Students in the college’s architecture and interior design programs helped shape some of the project’s common areas, including the ground floor café.
From the onset, ADD Inc’s design team was challenged to differentiate the 20 occupied floors of this urban high-rise. The team responded through the use of boldly and distinctly colored corridors and common areas that change every two floors. As one travels vertically through the building, the palette grows from deep purples on the lower floors, to yellows, oranges, and finally blues on the upper levels. Through this simple technique, the residence hall has become a laboratory of sorts for art students to experience the effect of color on light, quality, mood, and identity of space.
The lobby features an over-sized, snaking yellow sofa that echoes the shapes of the landscaped plaza. The ceiling, constructed of lacquered western hemlock, reinforces the tree concept.
To what extent did the clients and/or future users of the building influence the design and the outcome of the building?
The design of The Tree House Residence hall exemplifies collaboration. During the design process, the team worked to harmonize the goals and aspirations of professors, administrators, students, trustees, alumni, city and state agencies, neighbors, and the building’s owner. ADD Inc conducted in-depth benchmarking tours, hosted focus groups and an 85-person design charrette, and developed full-scale mock-up units for students to experience and critique. Students in the college’s architecture and interior design programs helped shape some of the project’s common spaces, including the ground floor café.
The Pajama Floor allows students to lounge, play games, or study in groups.
Were there any significant challenges that arose during the project? If so, how did you respond to them?
The site poses significant construction and structural issues. It contains a large network of underground culverts that carry waste to a Massachusetts Water Resource Authority (MWRA) wastewater treatment plant serving a large percentage of downtown Boston buildings. Consequently, the 20-story dormitory sits on a relatively small footprint—approximately 55 feet by 125 feet. The architectural design is a tall, slender building that curves around and cantilevers over the MWRA easement. The height of the narrow structure and its cantilevered form necessitated unusually deep piles and additional bracing. The constrained footprint mandated that every square inch of space had to be utilized effectively in order to meet the program goals and requirements within the height constraints of the site. BIM modeling of all components and systems enabled real time visualization and coordination by all team members, allowing the team to recognize conflicts early in the design.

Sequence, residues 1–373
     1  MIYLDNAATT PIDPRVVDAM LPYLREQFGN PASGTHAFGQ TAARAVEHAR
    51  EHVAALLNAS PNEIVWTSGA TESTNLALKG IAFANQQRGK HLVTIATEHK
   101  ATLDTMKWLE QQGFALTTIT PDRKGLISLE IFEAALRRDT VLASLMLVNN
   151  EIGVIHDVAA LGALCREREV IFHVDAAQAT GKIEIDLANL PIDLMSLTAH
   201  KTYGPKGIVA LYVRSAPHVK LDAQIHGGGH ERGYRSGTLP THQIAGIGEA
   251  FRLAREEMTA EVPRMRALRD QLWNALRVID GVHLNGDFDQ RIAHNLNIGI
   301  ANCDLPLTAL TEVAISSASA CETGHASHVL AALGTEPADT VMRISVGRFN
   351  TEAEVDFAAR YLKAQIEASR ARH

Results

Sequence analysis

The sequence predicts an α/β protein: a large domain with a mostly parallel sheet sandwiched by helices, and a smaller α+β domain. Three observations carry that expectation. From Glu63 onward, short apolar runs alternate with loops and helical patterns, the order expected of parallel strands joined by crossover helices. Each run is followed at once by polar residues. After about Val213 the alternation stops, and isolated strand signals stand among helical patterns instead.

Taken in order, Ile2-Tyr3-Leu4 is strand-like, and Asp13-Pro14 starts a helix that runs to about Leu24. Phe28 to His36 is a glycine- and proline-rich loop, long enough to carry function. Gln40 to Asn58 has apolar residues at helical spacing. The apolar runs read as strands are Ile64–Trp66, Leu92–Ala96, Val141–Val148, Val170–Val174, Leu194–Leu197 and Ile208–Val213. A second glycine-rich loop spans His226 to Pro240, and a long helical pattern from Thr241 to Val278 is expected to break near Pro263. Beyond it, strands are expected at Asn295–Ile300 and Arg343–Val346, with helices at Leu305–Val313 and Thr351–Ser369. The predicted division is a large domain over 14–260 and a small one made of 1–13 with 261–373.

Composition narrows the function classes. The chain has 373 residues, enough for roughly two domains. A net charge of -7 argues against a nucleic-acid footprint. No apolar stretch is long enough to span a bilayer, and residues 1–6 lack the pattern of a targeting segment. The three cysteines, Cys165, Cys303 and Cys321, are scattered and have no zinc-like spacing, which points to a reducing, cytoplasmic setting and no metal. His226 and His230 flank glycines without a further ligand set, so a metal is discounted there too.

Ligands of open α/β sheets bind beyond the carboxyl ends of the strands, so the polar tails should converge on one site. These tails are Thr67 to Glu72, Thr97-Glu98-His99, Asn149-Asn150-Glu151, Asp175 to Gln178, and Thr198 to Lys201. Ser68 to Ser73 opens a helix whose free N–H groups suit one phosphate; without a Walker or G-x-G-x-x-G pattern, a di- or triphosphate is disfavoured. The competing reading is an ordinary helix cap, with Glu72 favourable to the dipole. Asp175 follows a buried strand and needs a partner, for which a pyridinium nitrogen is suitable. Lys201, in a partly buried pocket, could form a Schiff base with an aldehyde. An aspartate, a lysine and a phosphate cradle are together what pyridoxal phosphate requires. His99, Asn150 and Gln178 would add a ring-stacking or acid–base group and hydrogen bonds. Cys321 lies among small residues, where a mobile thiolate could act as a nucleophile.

A communal kitchen accented by bold color is the center of an active residence life program.
How would you describe the architecture of Massachusetts and how does the building relate to it?
Many of the most-loved buildings of Massachusetts (especially Boston) are warm toned brick buildings in the historic neighborhoods of Beacon Hill, the North End, and the Back Bay. While the material of the Tree House is contemporary metal, the gold, tan, rust, and brown panels connect it to the historic clay color palette.
Email interview conducted by John Hill.
Designers drew on the possibilities of modest materials such as carpet and paint to develop a bold visual statement that activates the space through color.
Ground Floor Plan
Pajama Floor / Level 3 Floor Plan
Typical Floor Plan
MassArt – Tree House Student Residence
Massachusetts State College Building Authority (MSCBA)
B.K. Boley, AIA, LEED AP
David Lunny, AIA, LEED AP
Design Team Leader
Tamara Roy, AIA, LEED AP
Add Inc: Colleen Arria, LEED AP
Odeh Engineers, Inc.